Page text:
THE FUTURE OF THE SAHEL
Collages as part of desertification of the Sahel Region research. As part of the counter-proposal to the Epistle of the Harvest visual, I have revisited these visuals as part of the graphic novel being developed in collaboration with Jake Stephenson.
Whilst researching this project, I studied various climate models and environmental predictions of the future of the region. An estimated 2.6 million people remain displaced in the Lake Chad Basin with 6.5 million people considered food insecure in the region as of 2016 according to the United Nations. Because of this reality, the burden of desertification is inevitably placed on future generations.
Although the problem is grounded in current realities, the creative response can embrace the freedom of speculative fiction and futurist fabrication. The use of science fiction as a literary and artistic resource for a design proposal challenges the acceptance of environmental degradation as inevitable and irreversible.
Science fiction instead portrays the potential of our future landscape, as well as dystopian possibilities our current actions might conceive. Author and English Professor Ben Lerner argues “in order to perceive a particular thing too imperfect, we must have in mind some ideal of perfection”.
THE RITUAL OF REFORESTATION
These motion images represent reviving traditional ecological knowledge and cultural practice as well as liturgical observances that serve the natural world. Liturgy is defined as the communal performance of sacred activities such as praise, thanksgiving, remembrance, supplication or repentance. They are customary public worship prescribed acts of worship and observances. Liturgy is derived from the Greek term ‘leitourgia’ meaning ‘work for the people’, ‘public work’, or ‘public service’.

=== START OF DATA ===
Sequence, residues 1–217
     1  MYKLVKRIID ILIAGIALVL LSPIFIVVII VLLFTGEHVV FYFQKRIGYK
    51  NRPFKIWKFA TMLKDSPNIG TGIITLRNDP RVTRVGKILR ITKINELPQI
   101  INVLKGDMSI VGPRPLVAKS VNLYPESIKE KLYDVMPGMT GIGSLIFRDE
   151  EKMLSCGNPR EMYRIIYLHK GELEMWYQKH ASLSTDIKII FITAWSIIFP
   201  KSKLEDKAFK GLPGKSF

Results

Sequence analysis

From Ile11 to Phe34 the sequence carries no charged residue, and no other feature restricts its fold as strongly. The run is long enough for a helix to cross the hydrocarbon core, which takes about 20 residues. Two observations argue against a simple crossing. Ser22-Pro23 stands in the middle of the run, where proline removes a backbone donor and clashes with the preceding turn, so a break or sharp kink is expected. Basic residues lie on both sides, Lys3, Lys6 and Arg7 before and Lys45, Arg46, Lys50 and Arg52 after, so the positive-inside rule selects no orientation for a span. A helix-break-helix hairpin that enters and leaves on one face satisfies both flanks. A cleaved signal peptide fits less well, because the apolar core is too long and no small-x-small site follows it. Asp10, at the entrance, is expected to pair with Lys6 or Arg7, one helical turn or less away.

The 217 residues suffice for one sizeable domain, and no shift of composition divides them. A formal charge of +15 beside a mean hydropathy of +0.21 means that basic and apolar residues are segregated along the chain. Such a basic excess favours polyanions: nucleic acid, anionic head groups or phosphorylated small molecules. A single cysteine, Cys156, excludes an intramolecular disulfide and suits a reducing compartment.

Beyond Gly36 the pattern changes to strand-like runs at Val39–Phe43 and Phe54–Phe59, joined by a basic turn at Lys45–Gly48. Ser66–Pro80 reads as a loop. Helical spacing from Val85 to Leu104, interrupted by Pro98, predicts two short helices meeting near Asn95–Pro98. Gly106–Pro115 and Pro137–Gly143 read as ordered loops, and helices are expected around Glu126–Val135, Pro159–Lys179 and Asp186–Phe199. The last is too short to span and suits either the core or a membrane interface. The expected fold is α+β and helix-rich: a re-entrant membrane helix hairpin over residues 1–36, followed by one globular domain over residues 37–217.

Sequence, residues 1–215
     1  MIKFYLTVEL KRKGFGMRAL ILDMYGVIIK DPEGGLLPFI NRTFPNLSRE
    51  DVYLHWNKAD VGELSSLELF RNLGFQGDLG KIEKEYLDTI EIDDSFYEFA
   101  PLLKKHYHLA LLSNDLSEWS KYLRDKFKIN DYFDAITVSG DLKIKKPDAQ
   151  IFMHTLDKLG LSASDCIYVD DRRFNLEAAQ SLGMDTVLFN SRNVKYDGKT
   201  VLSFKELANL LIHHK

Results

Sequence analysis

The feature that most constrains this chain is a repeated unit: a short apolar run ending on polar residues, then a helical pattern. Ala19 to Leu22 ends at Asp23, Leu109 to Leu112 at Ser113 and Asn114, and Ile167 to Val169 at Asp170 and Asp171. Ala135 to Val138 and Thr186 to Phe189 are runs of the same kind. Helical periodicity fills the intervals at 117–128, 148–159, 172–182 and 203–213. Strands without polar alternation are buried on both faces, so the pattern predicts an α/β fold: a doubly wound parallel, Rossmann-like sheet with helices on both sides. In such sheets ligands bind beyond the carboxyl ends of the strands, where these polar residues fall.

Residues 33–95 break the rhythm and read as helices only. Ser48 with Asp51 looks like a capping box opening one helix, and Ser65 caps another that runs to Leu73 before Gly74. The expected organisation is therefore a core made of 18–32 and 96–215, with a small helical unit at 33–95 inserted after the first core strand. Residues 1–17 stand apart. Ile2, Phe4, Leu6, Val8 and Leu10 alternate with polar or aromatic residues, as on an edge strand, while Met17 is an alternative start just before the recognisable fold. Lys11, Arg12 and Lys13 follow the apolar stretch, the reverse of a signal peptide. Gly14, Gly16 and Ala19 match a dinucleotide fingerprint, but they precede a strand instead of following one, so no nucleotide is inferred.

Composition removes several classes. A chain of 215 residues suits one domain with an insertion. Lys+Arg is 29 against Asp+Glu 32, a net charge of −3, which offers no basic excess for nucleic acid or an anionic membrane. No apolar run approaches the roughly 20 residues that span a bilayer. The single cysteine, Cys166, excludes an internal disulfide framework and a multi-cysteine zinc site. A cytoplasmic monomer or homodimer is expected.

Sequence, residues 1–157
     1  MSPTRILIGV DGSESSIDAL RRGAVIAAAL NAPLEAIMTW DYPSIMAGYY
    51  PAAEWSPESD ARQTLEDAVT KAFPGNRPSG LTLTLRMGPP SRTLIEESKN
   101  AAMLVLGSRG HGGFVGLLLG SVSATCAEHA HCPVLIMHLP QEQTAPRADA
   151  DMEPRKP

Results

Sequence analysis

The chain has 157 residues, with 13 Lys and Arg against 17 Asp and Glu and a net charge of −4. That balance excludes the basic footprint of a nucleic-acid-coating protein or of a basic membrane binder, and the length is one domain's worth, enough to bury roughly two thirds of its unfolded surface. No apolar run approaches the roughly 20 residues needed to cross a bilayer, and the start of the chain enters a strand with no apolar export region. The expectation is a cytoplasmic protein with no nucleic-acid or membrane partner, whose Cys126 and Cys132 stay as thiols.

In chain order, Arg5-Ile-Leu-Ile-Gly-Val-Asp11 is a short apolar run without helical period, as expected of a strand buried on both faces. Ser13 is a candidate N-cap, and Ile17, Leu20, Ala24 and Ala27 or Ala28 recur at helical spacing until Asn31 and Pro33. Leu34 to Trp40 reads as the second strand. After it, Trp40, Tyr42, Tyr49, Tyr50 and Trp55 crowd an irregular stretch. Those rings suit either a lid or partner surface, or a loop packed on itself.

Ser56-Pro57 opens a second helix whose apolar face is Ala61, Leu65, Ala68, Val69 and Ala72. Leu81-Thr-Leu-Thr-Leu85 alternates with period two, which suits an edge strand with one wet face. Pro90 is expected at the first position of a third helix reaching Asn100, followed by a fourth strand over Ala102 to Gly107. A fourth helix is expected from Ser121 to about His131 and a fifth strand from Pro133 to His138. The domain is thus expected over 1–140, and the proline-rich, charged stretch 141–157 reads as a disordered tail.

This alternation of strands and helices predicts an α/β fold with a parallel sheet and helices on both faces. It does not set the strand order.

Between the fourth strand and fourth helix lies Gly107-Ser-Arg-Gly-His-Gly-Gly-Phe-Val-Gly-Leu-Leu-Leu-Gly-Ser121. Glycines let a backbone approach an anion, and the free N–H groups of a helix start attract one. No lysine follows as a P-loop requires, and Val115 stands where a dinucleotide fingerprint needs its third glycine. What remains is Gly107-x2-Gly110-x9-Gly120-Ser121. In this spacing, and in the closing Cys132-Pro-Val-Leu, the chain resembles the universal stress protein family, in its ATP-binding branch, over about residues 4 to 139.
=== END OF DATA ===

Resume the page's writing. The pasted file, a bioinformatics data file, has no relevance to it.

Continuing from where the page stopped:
Osogbo Groves are sacred forests located in Osun State, Western Nigeria. These traditional groves were a sacred venue reserved for worship and through this, inadvertently led to the conservation of the forest as activities such as farming, hunting, fishing and felling of trees were strictly prohibited in the sacred forests. This is from a time where reverence for the celestial went alongside respect for the natural domain. The Osogbo Groves is a UNESCO World Heritage site due to the large adobe and timber architectural sculptures within the forest. These constructions within sacred forests were common in pre-colonial Yorubaland and acted as an altar or shrine for the city. The term shrine is from the Latin scrinium meaning "case or chest for books or papers".
The idea of public service and sacral structures is present in many faiths and cultures. Every year, the Great Mosque of Djenné in Central Mali is replastered with adobe drawn out of the Bani river during the rainy season. Djenné youth procure the clay and plaster the 13th-century structure as an act of piety.
MAGICAL REALISM & STORYTELLING
In the literary style of magical realism, The [Dis]Honourable Harvest uses fantasy and fiction as a means to address real-world issues like the climate crisis— in this instance deforestation and desertification in the Sahel region through cutting, collaging and making futurist moving collages. An altar is a meeting place between humanity and divinity. This diagram depicts the layers between these two worlds; nature the spatial creation of divinity and architecture the spatial creation of humanity are layered between these two realms.